C is for Vitamin C - Applied as a Serum

The C of the ABCs of skincare is Vitamin C, applied as a serum. We know how important vitamin C is to health and immunity, but did you know it’s also important for youthful skin? Make sure you get enough dietary vitamin C, but the real anti-aging benefits come from applying a topical vitamin C in the form of vitamin C serum.
Why is vitamin C important for staving off wrinkles and skin laxity? It’s an effective antioxidant that protects the skin from damage caused by free radicals. So, vitamin C helps slow premature skin aging by vanquishing free radicals created by air pollution and sun exposure.(3)
But there’s more. As you age, cells in the dermis of your skin produce less collagen. Studies show vitamin C stimulates collagen production. Plus, studies show that using it regularly reduces the appearance of fine lines and wrinkles, improves skin elasticity, and evens out skin tone. (3) If you’re trying to delay the skin aging process, vitamin C serum is a worthwhile investment.

Bonus: D is for Vitamin D - Taken as a Supplement

The bonus letter of the ABCs of skin care is D – for Vitamin D taken as a supplement. We are not talking about applying vitamin D topically, as that is unlikely to benefit your skin, but getting enough of the “sunshine” vitamin on the inside is important for keeping your skin youthful. Research shows vitamin D protects against the cell-damaging effects of ultraviolet light. (2) The protection isn’t enough to substitute for a sunscreen, but its protective effects may be additive with the sun protection you wear on your skin. Here’s a quote from a study:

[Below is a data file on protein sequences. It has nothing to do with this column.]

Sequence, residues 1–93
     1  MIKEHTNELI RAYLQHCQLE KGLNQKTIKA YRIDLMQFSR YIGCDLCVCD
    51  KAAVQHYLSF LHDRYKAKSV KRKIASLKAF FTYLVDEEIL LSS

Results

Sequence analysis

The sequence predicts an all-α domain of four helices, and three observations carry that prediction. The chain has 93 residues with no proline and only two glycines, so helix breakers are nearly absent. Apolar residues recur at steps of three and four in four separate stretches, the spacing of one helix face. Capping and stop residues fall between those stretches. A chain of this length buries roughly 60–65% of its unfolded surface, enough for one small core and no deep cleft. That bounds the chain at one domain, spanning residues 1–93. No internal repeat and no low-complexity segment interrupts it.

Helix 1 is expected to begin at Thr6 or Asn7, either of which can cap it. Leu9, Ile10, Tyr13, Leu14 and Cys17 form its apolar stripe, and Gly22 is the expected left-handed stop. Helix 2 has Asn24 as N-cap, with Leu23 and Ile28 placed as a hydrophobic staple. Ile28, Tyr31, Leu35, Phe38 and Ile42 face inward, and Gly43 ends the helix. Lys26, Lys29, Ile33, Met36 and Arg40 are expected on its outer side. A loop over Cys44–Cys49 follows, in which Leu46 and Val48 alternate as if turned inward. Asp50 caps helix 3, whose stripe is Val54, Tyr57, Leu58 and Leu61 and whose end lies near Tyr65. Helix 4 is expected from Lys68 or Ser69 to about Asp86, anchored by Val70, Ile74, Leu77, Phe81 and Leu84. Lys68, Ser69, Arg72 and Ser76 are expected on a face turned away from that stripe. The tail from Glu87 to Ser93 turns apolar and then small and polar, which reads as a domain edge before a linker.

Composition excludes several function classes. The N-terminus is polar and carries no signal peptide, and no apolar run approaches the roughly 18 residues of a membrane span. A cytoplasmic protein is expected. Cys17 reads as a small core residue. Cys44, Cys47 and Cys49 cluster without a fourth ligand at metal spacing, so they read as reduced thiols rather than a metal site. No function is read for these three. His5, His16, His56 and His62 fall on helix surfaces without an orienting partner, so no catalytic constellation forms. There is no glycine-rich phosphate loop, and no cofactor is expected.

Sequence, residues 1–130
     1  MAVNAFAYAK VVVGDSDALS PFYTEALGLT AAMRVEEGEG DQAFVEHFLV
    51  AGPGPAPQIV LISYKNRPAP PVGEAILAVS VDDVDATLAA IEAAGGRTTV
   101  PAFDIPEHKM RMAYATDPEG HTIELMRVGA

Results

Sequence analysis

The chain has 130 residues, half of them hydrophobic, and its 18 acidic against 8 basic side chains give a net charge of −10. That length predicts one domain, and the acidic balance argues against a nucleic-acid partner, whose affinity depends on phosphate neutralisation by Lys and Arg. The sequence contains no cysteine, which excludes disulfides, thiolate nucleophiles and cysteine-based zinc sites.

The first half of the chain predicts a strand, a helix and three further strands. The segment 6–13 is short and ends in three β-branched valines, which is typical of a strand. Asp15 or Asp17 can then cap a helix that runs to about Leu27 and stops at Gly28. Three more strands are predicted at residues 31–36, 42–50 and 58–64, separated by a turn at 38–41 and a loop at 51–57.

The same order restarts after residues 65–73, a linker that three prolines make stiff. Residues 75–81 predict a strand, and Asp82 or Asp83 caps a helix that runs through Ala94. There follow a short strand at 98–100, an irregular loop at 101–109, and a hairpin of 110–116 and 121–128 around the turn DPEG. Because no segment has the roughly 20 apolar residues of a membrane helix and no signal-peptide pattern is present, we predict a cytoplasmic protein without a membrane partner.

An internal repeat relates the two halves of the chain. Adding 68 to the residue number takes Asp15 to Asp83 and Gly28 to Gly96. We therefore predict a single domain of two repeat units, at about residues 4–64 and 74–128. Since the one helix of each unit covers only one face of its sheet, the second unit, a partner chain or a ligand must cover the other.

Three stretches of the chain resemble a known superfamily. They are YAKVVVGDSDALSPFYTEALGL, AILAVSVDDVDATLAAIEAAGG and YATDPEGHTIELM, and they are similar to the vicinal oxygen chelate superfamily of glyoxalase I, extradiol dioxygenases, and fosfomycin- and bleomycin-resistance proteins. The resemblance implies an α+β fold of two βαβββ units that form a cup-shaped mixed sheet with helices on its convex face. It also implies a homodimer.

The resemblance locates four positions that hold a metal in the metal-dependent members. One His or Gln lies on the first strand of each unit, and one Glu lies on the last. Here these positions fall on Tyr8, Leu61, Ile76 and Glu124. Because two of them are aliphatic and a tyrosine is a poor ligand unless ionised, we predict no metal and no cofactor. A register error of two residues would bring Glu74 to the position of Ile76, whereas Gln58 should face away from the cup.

“Vitamin D affects skin aging via several mechanisms, including protection against cell damage from UV light, cellular detoxification, and regulation of genes that affect aging.” (Dermatoendocrinology, 2012)
Many people don’t get sufficient sun exposure to maintain a healthy vitamin D level, and sunscreens reduce your skin’s ability to make vitamin D. That’s why a vitamin D supplement may be beneficial. Always check with your doctor to determine if your Vitamin D levels are low.

The Bottom Line - Remember the ABCs of Skin Care

Hopefully, you have a better idea of the ABC’s of caring for your skin. If you follow the ABCs, you’ll take science-backed steps to help your skin stay youthful.

References:
1. Zhang S, Duan E. Fighting against Skin Aging: The Way from Bench to Bedside. Cell Transplant. 2018 May;27(5):729-738. doi: 10.1177/0963689717725755. Epub 2018 Apr 25. PMID: 29692196; PMCID: PMC6047276.
2. Reichrath J. Unravelling of hidden secrets: The role of vitamin D in skin aging. Dermatoendocrinol. 2012 Jul 1;4(3):241-4. doi: 10.4161/derm.21312. PMID: 23467804; PMCID: PMC3583884.
3. Farris PK. Topical vitamin C: a useful agent for treating photoaging and other dermatologic conditions. Dermatol Surg. 2005 Jul;31(7 Pt 2):814-7; discussion 818. doi: 10.1111/j.1524-4725.2005.31725. PMID: 16029672.
4. Zhang S, Duan E. Fighting against Skin Aging: The Way from Bench to Bedside. Cell Transplant. 2018 May;27(5):729-738. doi: 10.1177/0963689717725755. Epub 2018 Apr 25. PMID: 29692196; PMCID: PMC6047276.
5. Mukherjee S, Date A, Patravale V, Korting HC, Roeder A, Weindl G. Retinoids in the treatment of skin aging: an overview of clinical efficacy and safety. Clin Interv Aging. 2006;1(4):327-48. doi: 10.2147/ciia.2006.1.4.327. PMID: 18046911; PMCID: PMC2699641.
6. American Academy of Dermatology Association. “Is Sunscreen Safe?”